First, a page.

Tis the season for looking back at the previous 365 days and taking stock. The natural evolution is to use that information to introduce goals, but since I sort of already outlined my reading goals (hey, hey, Whisks & Words 2015 Reading Challenge), this is really just a fun time to look back at my reading year.
In 2014, I joined the team of contributors at Book Riot, a fantastic online magazine about books and book culture. And y’all, my reading life exploded. Necessarily. And though I was nervous going in – I worried that I wasn’t smart enough or well-read enough to hack it at Book Riot, where everyone is SERIOUSLY well-read and smart – I’ve found the most wonderful family of writers there, a marvelously eclectic group who challenge me to read widely and differently.
And most of all, they challenge me to pay attention to what I read. In years past, I was doing good just to read. Immediately after finishing graduate school, I was lucky to read a book a month. In those days, attention to what I was reading was just beyond me. But now, I have a reading life that not only allows me to consider the what, but also begins to necessitate it, as a good reading citizen. I want to pay attention to the breakdown of authors – gender, sexual orientation, race, class – and also the subject matter of my books.
Looking back at the year, I did pretty well on the gender breakdown. Out of 48 books read this year, I actually skewed in a big way towards reading books by women.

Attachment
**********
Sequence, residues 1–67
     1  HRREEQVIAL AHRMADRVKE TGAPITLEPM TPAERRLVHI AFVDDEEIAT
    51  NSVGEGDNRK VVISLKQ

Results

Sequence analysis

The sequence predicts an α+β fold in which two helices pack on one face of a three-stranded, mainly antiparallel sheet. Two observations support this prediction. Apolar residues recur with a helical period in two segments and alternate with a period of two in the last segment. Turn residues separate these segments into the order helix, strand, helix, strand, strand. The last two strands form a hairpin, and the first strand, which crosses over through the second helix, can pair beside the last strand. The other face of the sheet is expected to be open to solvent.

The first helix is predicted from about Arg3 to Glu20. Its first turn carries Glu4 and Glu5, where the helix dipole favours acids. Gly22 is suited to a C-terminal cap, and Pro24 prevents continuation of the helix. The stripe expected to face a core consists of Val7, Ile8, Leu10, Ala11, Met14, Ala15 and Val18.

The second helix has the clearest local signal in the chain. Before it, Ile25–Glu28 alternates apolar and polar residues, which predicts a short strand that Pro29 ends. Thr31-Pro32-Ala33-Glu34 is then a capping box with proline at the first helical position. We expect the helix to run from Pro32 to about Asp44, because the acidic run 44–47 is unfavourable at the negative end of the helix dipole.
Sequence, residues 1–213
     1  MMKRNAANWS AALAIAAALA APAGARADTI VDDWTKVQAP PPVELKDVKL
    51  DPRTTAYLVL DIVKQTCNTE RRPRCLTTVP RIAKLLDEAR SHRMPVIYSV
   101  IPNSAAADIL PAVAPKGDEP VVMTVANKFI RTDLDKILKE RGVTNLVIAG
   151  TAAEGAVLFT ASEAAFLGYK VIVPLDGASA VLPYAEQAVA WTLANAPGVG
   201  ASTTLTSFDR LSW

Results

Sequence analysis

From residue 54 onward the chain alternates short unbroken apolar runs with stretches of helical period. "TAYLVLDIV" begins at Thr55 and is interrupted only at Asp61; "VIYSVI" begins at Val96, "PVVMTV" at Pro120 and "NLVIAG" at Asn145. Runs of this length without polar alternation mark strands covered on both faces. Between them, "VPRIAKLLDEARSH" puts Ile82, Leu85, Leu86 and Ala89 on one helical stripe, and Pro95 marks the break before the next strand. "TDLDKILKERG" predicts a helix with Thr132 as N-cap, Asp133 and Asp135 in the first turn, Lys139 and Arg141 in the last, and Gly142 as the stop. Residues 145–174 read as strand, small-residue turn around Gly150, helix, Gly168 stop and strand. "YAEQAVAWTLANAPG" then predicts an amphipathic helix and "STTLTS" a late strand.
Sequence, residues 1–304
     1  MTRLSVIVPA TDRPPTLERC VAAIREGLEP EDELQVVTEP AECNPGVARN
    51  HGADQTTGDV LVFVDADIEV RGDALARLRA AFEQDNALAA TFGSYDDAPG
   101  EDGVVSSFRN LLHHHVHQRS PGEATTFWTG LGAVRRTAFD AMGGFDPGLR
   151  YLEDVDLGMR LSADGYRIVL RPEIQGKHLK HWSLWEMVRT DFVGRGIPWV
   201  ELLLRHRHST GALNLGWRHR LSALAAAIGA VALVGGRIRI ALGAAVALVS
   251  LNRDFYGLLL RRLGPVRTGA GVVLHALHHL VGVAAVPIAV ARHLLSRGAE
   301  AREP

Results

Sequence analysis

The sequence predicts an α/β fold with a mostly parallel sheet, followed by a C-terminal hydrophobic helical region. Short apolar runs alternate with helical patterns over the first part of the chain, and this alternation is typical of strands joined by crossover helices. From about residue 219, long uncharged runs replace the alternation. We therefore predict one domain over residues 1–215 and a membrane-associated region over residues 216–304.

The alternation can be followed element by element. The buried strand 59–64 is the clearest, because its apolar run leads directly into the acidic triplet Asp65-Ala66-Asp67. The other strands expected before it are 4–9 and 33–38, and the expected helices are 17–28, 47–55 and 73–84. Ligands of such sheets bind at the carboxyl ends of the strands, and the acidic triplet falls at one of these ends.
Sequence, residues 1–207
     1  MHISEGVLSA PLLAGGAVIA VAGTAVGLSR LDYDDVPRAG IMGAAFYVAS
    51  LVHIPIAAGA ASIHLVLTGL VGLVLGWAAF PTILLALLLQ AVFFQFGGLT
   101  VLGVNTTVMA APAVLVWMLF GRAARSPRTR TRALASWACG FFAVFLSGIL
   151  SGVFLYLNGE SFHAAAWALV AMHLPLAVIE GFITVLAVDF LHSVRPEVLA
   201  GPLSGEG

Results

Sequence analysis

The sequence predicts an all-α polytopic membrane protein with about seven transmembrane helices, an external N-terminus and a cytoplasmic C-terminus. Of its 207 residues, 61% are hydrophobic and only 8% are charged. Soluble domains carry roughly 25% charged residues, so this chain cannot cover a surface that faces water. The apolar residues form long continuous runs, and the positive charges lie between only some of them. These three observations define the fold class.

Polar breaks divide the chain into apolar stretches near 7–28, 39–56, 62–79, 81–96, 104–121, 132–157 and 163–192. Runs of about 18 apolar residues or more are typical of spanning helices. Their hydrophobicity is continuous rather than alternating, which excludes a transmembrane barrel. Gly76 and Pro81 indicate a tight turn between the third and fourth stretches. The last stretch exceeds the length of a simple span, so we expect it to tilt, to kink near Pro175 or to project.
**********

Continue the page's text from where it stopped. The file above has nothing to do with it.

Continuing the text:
I didn’t realize the trend until well into the fall, but I was happy about it. I read what I enjoyed, what I felt drawn towards, and by and large, those were books by women.
I didn’t start out the year with a concrete goal of reading diversely, and that’s something I want to improve upon next year. The basic truth is that books by and about people of color are marketed differently, making it harder to encounter them the way you might encounter books by white authors. This is a problem in publishing, and luckily, the shift is coming, which is good news for readers. This year, out of 48 books, I managed to read 11 by POC.
I had an even more dismal showing of books by LGBT authors, something I also want to do better with.
Why pay attention to all of this? Why worry about diversity in reading? Why chart it with tables and spreadsheets (besides the fact that it makes the chart-and-graph-loving part of myself super happy)? Imagine that for your whole life, the only cheese you ate was Kraft Singles. That orange processed cheese product was the only thing you knew of cheese. People talked about Brie and Jarlsberg and goat cheese and gorgonzola, and you could only think of clammy plastic squares of cheese product. That’s lack of diversity in your cheese life.
I don’t want a Kraft Singles reading life. Even when it’s hard, even when I read things that make me uncomfortable or that scare me, that make me miss my wife when she’s gone or that hit into the soft painful spots in my heart without my expecting it – the quirky and the difficult, the romantic and the historical, it all matters, and it’s all important, because I’m hungry for story. And I want so much more than Kraft Singles.
I published a list of my reading goals for 2015, and I’ll be updating monthly with My Reading Month, both to share my progress with the Reading Challenge but also to keep you posted on other books I’m reading. But for now, I want to share My Reading Year: 2014, in full, which you’ll find by following the link.
And until January’s Reading Month, happy reading, and a happy, sparkly, tremendous new year!